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Outdoor Lab's Symbol This Year: The Columbine

By: Mary Runkel

You may have noticed that each year, the Outdoor Lab Schools together choose a symbol. Leaders from both sites meet for a thoughtful discussion to decide on the symbol and the significance it might have on the staff and students in the year to come. It serves as a reminder to all about what the sites hope to emulate.

For the 2019-2020 school year, the sites decided on a columbine- the plant. Many elements went into their decision, including the fact that it can grow in harsh conditions and that it grows near both sites.

So today’s #FactFriday is about the Colorado Blue Columbine (Aquilegia coerulea), Outdoor Lab’s chosen symbol this year, which happens to also be Colorado’s state flower.

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Did you know that the columbine may have been named in part for the fact that it resembles an eagle’s talon?

According to the United States Forest Service, its Latin name, Aquilegia, was acquired from the notable biologist, Linneaus. In Latin, the word aqua means water and legere means to collect, referencing the water that collects at the base of the Columbine’s spur (the extension on the “back” of the flower). HOWEVER! Aquil in Latin means eagle, which could be another reason for its naming history.

The columbine has a unique, impressive flower- one people don't forget. Its unique shape makes it attractive for long-tongued nectar feeders (have you heard of such a thing!) like hummingbirds and hawk moths. Often, the flowers found naturally at higher altitudes are more colorful than those found at lower elevations. They thrive in the mountains, just like the students that attend Outdoor Lab!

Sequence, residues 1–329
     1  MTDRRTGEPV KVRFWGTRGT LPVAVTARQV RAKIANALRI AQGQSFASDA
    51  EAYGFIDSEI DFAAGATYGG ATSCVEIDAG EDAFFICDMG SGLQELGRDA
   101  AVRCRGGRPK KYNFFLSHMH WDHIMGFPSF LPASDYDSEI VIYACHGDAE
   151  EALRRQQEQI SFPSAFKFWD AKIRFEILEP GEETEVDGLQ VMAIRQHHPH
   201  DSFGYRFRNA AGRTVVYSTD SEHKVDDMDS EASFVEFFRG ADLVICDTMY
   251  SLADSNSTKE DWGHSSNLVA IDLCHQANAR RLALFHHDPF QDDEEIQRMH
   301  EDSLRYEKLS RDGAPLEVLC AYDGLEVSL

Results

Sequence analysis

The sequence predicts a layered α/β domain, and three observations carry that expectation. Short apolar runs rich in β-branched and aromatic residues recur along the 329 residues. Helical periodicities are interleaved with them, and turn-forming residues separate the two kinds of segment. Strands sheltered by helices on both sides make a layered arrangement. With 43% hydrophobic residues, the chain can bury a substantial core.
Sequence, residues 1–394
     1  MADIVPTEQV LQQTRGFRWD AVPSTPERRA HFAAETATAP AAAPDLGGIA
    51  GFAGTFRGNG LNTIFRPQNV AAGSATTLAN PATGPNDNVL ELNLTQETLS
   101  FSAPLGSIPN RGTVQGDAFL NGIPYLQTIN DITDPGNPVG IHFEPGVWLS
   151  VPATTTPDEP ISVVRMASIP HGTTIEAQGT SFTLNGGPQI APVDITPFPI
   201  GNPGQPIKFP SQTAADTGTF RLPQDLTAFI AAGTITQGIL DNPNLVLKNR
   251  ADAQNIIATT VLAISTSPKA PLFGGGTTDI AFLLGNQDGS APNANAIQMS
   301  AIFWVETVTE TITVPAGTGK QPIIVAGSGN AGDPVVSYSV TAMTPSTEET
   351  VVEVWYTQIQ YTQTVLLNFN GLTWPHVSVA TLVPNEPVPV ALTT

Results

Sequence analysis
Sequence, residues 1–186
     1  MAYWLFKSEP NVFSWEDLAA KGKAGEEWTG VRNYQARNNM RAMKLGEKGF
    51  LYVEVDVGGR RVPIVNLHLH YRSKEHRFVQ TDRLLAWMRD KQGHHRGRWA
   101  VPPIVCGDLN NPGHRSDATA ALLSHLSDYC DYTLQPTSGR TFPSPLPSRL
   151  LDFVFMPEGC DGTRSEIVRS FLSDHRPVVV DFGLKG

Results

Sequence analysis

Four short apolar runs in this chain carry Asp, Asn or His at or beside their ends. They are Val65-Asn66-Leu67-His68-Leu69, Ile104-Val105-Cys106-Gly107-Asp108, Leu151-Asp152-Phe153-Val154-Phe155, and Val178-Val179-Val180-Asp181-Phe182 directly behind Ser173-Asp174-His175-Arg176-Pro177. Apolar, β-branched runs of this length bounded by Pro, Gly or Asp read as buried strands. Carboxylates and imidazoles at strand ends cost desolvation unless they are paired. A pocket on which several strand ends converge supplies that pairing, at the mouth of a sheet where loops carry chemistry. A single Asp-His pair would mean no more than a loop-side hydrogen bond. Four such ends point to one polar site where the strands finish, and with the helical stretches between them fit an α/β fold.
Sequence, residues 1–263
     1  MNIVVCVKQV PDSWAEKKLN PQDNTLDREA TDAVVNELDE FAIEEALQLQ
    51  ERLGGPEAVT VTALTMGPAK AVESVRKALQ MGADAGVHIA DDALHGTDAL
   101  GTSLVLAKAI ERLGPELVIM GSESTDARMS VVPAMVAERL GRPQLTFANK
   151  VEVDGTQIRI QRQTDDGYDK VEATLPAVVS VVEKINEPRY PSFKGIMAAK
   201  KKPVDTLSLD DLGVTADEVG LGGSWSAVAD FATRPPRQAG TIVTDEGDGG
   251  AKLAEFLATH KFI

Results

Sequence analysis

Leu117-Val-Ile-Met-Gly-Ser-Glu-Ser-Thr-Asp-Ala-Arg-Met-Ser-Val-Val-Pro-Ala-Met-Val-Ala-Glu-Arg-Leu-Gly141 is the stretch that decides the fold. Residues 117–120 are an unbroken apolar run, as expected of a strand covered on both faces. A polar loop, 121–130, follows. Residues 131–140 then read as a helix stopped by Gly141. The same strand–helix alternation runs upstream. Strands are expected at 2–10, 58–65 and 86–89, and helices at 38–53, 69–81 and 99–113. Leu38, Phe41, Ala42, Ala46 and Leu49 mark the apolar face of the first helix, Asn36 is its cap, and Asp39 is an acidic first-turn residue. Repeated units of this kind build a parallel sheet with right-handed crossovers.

Some species of the columbine have supposedly been used medicinally to help prevent spasms and as a salve for the treatment of certain stomach ailments (this is not a medical recommendation!). According to one site, a hair wash can also be made from the boiled plant. 

And true to why the sites picked this plant as their 2019-2020 symbol, columbines are able to grow in harsh conditions- in higher altitudes and in rocky or nutritionally-lacking soils. This is because they have long taproots that can sink deep into the soil where they grow.

Here's to #FactFriday, to growing bright in the mountains and to looking toward the future with integrity.

 

Photo Credit:

Hailee Rustad of Eagle, Colorado. Instagram: @HaileeRustad

References:

https://www.wildflower.org/plants/result.php?id_plant=AQCO

https://www.fs.fed.us/wildflowers/plant-of-the-week/aquilegia_caerulea.shtml

https://www.lakeforest.edu/academics/programs/environmental/courses/es203/aquilegia_canadensis.php

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